Parsing Time as a Social Dad


A flurry of recent business travel caused me to miss a lot of time with this little girl over the spring. It’s always the hardest part of being gone.

Perhaps because of her age (1 1/2) or the absences, she insists on enjoying every moment with me. I’m the play guy. The combination makes balancing my work and online life all the more critical.

See, I got one shot at this. Just one shot to be Soleil’s Dad.

I’ll screw up for sure, but the very least I can do is understand that being present for Soleil is my most important job.

Valuing Time and Presence

Smiling Soleil

Time is my most precious resource. I bill by the hour, I parse my day in 15 minute segments.

Nothing is more important than being here for my precious daughter. During the business week, I get up before her, and sometimes I successfully get work done. But from the moment she awakens until we drop her at day care, it’s Daddy time. Similarly, at night it’s Daddy time. Work can wait until she sleeps.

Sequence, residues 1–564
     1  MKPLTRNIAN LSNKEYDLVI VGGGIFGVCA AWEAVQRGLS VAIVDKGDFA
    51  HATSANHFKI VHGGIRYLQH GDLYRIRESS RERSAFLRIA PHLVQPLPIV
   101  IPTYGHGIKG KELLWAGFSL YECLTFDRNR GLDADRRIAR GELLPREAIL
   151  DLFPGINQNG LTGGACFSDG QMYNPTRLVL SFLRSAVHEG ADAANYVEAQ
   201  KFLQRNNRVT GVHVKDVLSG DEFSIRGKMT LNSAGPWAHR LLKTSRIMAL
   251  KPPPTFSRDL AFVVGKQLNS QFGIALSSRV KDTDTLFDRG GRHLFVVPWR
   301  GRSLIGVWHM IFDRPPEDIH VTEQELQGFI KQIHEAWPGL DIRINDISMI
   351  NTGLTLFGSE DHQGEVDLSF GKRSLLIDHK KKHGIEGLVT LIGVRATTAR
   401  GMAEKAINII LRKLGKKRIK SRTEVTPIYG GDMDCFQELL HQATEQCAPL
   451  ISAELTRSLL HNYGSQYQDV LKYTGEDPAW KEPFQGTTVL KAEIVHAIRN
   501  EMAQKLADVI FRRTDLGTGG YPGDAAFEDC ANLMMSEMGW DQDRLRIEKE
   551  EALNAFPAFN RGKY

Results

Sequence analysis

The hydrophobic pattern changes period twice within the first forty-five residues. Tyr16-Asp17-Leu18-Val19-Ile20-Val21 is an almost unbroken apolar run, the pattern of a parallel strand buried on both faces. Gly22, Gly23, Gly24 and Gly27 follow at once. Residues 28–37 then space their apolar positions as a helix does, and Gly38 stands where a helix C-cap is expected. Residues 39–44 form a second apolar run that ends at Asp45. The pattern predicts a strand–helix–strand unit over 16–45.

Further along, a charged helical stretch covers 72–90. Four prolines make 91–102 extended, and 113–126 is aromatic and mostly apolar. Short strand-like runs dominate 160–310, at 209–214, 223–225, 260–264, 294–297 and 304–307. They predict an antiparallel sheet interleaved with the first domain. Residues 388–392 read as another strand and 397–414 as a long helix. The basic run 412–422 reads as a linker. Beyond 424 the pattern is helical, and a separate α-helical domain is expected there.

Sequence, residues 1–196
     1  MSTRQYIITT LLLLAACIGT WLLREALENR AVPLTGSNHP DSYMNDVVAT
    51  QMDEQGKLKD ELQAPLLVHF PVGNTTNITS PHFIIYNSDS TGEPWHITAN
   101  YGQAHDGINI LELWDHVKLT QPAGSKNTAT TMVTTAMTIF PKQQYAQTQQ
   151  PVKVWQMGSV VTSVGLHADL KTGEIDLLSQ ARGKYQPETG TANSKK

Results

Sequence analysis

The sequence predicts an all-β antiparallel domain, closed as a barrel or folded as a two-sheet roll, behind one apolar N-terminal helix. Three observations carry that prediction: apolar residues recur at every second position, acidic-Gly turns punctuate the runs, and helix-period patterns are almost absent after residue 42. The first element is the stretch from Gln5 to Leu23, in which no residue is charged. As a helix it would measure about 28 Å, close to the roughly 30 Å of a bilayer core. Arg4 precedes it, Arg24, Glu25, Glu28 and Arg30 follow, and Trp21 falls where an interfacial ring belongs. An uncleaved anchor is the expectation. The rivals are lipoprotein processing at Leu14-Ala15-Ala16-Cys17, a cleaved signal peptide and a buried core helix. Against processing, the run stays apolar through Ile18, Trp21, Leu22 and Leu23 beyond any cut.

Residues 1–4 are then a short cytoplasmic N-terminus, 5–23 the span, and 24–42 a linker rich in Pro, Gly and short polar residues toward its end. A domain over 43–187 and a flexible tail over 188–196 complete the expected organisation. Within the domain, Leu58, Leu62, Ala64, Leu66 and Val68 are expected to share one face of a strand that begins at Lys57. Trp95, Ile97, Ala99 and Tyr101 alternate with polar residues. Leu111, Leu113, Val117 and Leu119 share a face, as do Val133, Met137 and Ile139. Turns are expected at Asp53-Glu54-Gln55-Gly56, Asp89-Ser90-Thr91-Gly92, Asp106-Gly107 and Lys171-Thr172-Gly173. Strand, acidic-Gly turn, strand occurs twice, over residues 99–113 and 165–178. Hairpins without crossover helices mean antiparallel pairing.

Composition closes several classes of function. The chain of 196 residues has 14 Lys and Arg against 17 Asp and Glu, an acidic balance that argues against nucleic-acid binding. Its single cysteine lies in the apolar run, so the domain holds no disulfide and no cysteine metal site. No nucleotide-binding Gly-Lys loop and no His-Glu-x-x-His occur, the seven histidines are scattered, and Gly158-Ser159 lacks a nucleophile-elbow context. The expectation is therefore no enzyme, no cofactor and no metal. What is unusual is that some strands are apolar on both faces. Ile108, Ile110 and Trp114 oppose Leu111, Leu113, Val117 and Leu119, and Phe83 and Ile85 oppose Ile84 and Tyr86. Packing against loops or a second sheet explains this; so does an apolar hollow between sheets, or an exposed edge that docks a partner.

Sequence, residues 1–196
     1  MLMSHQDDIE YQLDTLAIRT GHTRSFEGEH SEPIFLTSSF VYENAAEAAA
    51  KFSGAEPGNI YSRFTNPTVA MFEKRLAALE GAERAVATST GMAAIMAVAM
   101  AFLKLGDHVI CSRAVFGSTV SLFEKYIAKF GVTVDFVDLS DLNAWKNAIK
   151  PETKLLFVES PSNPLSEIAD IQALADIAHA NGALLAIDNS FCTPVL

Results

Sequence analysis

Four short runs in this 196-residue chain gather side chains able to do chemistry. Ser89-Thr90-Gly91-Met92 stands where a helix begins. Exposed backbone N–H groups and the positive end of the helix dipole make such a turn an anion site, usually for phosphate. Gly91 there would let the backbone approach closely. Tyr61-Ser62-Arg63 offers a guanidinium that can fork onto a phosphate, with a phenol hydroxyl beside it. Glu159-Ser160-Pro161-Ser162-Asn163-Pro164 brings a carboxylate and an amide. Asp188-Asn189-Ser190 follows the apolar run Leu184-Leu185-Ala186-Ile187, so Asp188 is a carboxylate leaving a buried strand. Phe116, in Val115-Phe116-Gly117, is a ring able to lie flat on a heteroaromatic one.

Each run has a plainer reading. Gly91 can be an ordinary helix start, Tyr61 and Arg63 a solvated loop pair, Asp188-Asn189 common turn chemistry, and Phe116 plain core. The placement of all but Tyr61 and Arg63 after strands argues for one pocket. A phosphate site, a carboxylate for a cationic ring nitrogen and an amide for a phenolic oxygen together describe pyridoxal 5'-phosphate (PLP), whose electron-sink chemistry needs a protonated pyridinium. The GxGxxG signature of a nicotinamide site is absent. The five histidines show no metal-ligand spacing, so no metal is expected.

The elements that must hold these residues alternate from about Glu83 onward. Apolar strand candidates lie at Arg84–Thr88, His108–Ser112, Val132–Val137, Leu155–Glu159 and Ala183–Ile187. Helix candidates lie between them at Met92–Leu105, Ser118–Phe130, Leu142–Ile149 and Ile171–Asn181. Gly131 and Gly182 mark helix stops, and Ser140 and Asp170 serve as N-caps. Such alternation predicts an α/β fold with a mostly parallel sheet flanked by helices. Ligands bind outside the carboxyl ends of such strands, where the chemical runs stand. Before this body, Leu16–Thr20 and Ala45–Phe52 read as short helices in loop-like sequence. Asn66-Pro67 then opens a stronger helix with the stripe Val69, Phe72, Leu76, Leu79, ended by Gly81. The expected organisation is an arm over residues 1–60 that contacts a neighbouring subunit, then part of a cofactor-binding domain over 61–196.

So, social media waits until 9 or the next day… Unless there’s a cute Soleil pic to be shared.

And the weekends are all hers. My only computer time around her is when she watches her boyfriend Elmo or if she’s enjoying one on one time with her Mommy.

Now if I can just conquer the darn smartphone. I’ve taken to turning it off at times, but the kid already knows how to use a touch screen.

I remember when Soleil was born, I could cradle her in my forearm, her head touching my wrist, her feet nestled in my elbow.

Firsts Happen Once

Soleil Becomes a Baseball Fan

She’s gotten big quickly. Soleil chatters all day now — some real words, some not — and is highly active.

When you don’t pay attention you miss things. Things like Soleil holding a baseball for the first time trying to understand the seems, or putting together conjunctive phrases like Daddy’s water.

It’s about presence.

I love giving gifts. It’s my way of showing appreciation.

The greatest gift of all is unconditional time and presence. Love is an empty word without the time investment.

How do you separate fatherhood and online life to make sure you’re doing your best as a Dad?

Whether you’re a Dad or simply have/had a Dad, I hope you have a Happy Father’s Day. Cheers.